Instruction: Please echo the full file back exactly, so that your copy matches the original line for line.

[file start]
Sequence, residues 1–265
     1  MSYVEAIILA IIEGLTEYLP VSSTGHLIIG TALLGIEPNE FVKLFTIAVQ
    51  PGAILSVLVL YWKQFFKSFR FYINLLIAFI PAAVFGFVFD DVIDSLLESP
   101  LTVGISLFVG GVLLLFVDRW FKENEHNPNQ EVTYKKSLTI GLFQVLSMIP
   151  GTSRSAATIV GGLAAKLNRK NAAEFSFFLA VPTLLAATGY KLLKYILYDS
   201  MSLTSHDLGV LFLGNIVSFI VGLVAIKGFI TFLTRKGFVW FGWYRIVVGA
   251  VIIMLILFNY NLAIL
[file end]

Sequence, residues 1–265
     1  MSYVEAIILA IIEGLTEYLP VSSTGHLIIG TALLGIEPNE FVKLFTIAVQ
    51  PGAILSVLVL YWKQFFKSFR FYINLLIAFI PAAVFGFVFD DVIDSLLESP
   101  LTVGISLFVG GVLLLFVDRW FKENEHNPNQ EVTYKKSLTI GLFQVLSMIP
   151  GTSRSAATIV GGLAAKLNRK NAAEFSFFLA VPTLLAATGY KLLKYILYDS
   201  MSLTSHDLGV LFLGNIVSFI VGLVAIKGFI TFLTRKGFVW FGWYRIVVGA
   251  VIIMLILFNY NLAIL